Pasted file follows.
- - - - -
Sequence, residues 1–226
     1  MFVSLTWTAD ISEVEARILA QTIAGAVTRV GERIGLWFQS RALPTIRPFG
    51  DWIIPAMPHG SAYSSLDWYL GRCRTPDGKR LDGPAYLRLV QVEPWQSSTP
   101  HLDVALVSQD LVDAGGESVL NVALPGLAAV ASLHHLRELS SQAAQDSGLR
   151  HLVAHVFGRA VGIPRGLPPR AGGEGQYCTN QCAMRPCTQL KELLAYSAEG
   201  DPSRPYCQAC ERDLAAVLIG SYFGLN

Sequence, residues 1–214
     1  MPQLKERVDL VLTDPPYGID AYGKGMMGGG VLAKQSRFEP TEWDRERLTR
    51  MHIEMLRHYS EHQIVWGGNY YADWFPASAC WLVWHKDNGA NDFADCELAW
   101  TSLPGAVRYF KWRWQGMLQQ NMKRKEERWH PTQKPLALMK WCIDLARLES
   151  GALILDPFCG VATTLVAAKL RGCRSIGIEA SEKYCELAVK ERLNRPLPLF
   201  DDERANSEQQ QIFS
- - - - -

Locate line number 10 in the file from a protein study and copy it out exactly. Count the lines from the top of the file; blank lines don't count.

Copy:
   101  TSLPGAVRYF KWRWQGMLQQ NMKRKEERWH PTQKPLALMK WCIDLARLES